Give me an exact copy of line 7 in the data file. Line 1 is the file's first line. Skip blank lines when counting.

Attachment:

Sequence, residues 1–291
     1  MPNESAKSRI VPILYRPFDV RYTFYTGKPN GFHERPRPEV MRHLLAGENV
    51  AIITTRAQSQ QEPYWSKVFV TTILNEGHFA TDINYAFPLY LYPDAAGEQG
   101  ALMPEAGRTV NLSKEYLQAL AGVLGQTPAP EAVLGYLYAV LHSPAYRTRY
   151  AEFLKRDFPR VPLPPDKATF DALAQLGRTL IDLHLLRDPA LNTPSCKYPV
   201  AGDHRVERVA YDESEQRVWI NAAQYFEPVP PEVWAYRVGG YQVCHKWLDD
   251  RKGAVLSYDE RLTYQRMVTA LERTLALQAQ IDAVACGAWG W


   251  RKGAVLSYDE RLTYQRMVTA LERTLALQAQ IDAVACGAWG W